After a hearing, the Commission on Nov. 23, 2003 ruled that the grounds on which ABME was contesting Abdeen's reinstatement "insufficient", and ordered that he "be reissued a full license to practice medicine in Alabama." However, by the end of the year, Abdeen allowed his license to again lapse, and it has not been renewed since.

Records show, the only state where Abdeen has an active medical license, other than West Virginia, is Kentucky.

Red flags

In the lawsuit he filed on Aug. 10, 2006, Scott alleged that Abdeen failed to diagnose Lida's complaints of chest pain as a heart attack which resulted in her death on April 9, 2004. In addition to accusing Abdeen of wrongful death, Scott accused Mountain Emergency Physicians, L.L.P., a Traverse City, Mich.-based medical staffing company that served as Abdeen's employer, of negligent hiring and credentialing.

MEP, Scott alleged, knew Abdeen "was not board certified in Emergency Medicine, and did not have the proper training and experience in providing the necessary services to patients such as Lida Scott who presented with complaints of chest pain." According to the state Board's Web site, Abdeen specializes in internal medicine and nutrition.

On Jan. 31, 2007, records show Scott's lawsuit was dismissed after Abdeen's insurer, National Guardian Risk Retention Group, settled with the estate for $487,500.

Similar to Scott's, Smith's lawsuit makes a claim of wrongful death against Abdeen, and negligent hiring and credentialing against both MGH, and Emcare Physician Services, Inc., a Dallas, Texas-based medical staffing company that employed Abdeen. The family alleges that the problems with Abdeen's care that surfaced at the Huntington VA and St. Francis should have raised red flags.

However, the Smith family alleges the problems continued to manifest themselves when MGH was put "on notice that Defendant Abdeen was practicing below accepted standards of care prior to October 16, 2006," three days after Smith's death.

Standard procedure

When Abdeen came to PVH and what he is doing there is unclear as hospital spokeswoman Amy Leach did not return repeated telephone calls seeking a comment. However, when contacted Westmoreland said granting privileges to someone like Abdeen who's already proven to be a liability, while playing games with his, is standard for PVH.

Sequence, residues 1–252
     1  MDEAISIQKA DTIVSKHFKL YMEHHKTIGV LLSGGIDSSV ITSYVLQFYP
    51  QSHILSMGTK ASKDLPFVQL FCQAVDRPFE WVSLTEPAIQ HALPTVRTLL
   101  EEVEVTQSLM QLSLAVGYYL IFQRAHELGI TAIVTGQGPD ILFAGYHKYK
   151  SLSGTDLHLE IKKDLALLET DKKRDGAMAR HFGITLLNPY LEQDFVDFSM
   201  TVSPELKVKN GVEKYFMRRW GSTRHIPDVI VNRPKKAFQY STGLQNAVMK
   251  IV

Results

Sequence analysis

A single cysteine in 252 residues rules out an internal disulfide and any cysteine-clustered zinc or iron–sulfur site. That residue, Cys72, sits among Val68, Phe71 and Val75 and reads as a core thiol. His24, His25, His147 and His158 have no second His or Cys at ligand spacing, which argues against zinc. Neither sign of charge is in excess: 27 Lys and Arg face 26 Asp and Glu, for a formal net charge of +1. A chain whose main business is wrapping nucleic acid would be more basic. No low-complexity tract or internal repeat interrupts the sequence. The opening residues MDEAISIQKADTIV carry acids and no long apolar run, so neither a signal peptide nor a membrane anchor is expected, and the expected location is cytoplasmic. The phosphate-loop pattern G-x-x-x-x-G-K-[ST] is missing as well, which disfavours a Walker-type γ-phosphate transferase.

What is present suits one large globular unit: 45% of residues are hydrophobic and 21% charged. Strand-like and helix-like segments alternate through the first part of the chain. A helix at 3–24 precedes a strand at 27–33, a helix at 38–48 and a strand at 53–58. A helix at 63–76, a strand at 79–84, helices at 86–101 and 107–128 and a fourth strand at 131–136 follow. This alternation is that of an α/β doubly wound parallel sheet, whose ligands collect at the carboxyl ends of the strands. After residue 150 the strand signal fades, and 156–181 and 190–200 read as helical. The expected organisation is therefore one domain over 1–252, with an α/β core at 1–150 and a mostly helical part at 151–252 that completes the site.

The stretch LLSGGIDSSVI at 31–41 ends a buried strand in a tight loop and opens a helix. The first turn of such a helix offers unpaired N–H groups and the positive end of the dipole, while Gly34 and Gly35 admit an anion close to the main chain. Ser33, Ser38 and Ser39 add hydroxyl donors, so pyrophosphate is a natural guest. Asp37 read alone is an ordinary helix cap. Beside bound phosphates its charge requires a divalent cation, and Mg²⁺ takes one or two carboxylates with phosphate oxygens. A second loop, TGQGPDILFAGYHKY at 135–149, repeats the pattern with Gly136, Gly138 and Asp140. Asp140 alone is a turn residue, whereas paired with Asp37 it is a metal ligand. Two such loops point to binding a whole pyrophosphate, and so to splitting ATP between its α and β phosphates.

"This is typical of the way I've been treated," Westmoreland said, "and its disgusts me."

Records show in all the years he's practiced in Mason County, one time was he sued for malpractice. On Sept. 4, 2001, Peggy Varney, as the administratrix of the estate Westmoreland's nephew, Shannon, named him as a co-defendant in a wrongful death suit.

Ironically, along with PVH and Jackson General Hospital, Varney's suit also named Dr. Shrikant K. Vaidya as a co-defendant. In addition his one for malpractice, Westmoreland has named Vaidya as a co-defendant in his privileges lawsuit.

In her suit, Varney, who is Westmoreland's ex-sister-in-law, alleges all the defendants failed to diagnose and treat Shannon for testicular cancer. According to the suit, he died on Sept. 4, 1999 at the age of 27.

The suit was dismissed two years later since none of the defendants where ever served. Also, records show, other than the complaint, nothing else was filed prior to a notice sent to Varney dated Aug. 1, 2003 by Judge David W. Nibert of his intention to dismiss he suit for failure to serve process.

According to Westmoreland, he never treated Shannon. The only role he played in Shannon's death was to pay for his funeral expenses.

The only reason he was named in the suit was because the attorney who helped Varney file the suit decided to list anybody associated with Shannon's name with the title of doctor.

"That's the thank you I got for being his uncle," Westmoreland said.

In any event, Westmoreland says allowing Abdeen onto PVH's staff in light of his checkered past will not only prove useful in his lawsuit, which is preparing to enter the discovery phase, but also vindicate him in his effort to see good doctors rewarded, and bad ones punished.

"I've actively worked to protect the area from bad doctors, and it is one of the reasons that I'm treated as an outcast by the medical community," Westmoreland said.

Kanawha Circuit Court, Case Nos. 06-C-1596 (Scott) and 09-C-443 (Smith); Mason Circuit Court, Case No. 01-C-299; U.S. District Court for the Southern District of West Virginia, Case No. 08-cv-1444